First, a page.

Special Project: CHIdush
On Sunday morning, we had an important gathering of religious school parents, and what follows here are my opening remarks.
Years ago, during my year at the Rhea Hirsch School of Education in Los Angeles, I learned about change. "Change is our friend," my teachers would say. "But change is slow."
Experience has taught me change is indeed our friend, and change is often quite slow. The slowness of change stems from many reasons, but I think readiness for change--that is preparedness for the change-agents to organize change and willingness of those asked to change--is perhaps the primary barrier to innovation.
This is why I am so excited about the project that brings us together this morning. Today, we will spend our time with you offering a glimpse into a special project called CHIdush, of which we as a congregation are a part. Chidush is meaningful word, and not just because the first three letters remind us how we spell the name of our city. Chidush in Hebrew means "new learning." And, our new learning is centered on something called design thinking.
When we come across a beautiful design, we often make the mistake that the design itself is simply what something looks like. But in the words of the late Steve Jobs, design is not simply what something looks or feels like. Design is "how" something works.
A design mindset call us to focus on where people are at, for what they aspire. Design thinking then summons our logic, imagination, and intuition to explore new and more desirable outcomes and solutions that meet the customer's aspirations, or in our case, the congregant'.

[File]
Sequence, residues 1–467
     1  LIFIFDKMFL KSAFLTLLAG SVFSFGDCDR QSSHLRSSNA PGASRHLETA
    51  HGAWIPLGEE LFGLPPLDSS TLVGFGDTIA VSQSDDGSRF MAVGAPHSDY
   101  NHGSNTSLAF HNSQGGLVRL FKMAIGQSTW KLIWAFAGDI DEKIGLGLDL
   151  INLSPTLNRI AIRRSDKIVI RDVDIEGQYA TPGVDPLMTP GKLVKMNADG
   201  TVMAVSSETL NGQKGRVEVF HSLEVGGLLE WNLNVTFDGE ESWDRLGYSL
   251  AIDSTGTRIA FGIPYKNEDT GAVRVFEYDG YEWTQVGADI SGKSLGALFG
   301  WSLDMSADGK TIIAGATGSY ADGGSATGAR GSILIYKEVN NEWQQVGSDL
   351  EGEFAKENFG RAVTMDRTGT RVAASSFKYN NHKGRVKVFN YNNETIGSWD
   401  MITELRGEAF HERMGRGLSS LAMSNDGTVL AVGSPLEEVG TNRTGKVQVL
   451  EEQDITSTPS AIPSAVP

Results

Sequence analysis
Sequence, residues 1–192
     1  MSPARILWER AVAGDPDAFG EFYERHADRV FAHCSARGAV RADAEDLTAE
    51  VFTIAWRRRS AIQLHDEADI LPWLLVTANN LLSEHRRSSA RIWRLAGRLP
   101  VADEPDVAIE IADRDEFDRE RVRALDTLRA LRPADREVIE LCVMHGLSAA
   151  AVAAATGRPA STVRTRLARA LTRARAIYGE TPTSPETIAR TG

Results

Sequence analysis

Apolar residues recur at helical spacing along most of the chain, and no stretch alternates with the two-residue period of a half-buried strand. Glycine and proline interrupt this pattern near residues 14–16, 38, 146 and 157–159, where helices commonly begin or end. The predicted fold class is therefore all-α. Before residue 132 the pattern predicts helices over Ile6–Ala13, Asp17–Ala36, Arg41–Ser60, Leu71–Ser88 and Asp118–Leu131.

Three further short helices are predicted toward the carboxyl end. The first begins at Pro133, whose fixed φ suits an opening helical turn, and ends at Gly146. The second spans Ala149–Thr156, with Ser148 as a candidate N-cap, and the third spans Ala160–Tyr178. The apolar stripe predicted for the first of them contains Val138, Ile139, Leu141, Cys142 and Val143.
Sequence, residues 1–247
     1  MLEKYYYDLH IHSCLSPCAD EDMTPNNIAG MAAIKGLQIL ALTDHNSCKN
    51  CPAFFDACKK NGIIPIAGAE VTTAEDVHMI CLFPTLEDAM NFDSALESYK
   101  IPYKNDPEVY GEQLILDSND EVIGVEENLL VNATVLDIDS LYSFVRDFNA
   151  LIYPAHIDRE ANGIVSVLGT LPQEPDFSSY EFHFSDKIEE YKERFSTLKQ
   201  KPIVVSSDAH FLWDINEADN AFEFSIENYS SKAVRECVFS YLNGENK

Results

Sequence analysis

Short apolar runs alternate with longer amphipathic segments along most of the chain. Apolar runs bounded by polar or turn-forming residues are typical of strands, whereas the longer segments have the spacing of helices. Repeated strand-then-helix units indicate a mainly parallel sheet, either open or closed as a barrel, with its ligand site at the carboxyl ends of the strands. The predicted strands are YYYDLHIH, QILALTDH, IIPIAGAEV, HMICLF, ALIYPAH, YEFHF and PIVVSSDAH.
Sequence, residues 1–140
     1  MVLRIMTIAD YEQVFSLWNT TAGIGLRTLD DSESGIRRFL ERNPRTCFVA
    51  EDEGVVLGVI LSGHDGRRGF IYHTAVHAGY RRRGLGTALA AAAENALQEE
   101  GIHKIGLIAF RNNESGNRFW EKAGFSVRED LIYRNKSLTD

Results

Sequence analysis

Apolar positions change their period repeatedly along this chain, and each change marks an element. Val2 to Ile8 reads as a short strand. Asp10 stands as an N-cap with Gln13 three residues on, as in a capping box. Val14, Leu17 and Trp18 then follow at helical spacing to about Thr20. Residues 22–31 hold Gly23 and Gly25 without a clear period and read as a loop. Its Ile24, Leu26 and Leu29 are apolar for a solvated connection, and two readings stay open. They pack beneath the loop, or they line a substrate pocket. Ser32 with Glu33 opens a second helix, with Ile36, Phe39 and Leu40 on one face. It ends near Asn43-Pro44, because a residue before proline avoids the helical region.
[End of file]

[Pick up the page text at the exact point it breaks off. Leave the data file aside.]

Put differently, design thinking is a discipline that uses a designer's mentality and methods to match people's needs with practical and thoughtful strategies to ensure meaningful Jewish value and opportunity. And because this process cultivates a closeness between change-agent and change-recipient, there can be an organic connection between both that lends to mutual readiness.
So today, we'd like to share with you some of our learning process so far. I am thankful to Rabbi Manewith, Cantor Friedman, Judy Gadiel, Gerri Persin and Devorah Heyman for your work so far in helping us consider meaningful change in our religious school. It has been a pleasure to accompany you along the way.
Throughout our time together Sunday, we engaged several design thinking strategies and crafted a few ideas, that our committee will clarify, prioritize, and then actualize in the form of testable prototypes. On its face, this experience provided an excellent basis for religious school change, but it also signals an excellent approach to innovation in other aspects of congregational life.
We have convened a number of new leadership teams, who I hope will learn and implement design thinking as a catalyst for meaningful change. These teams are Social Justice, Inclusion, Youth Action, and Spiritual Engagement & Ritual. Please let me know if you would like to contribute time and energy to any of these teams, or others unlisted here. You can reach me at email@example.com. We look forward to welcoming you to the inspiring and imaginative work of design thinking.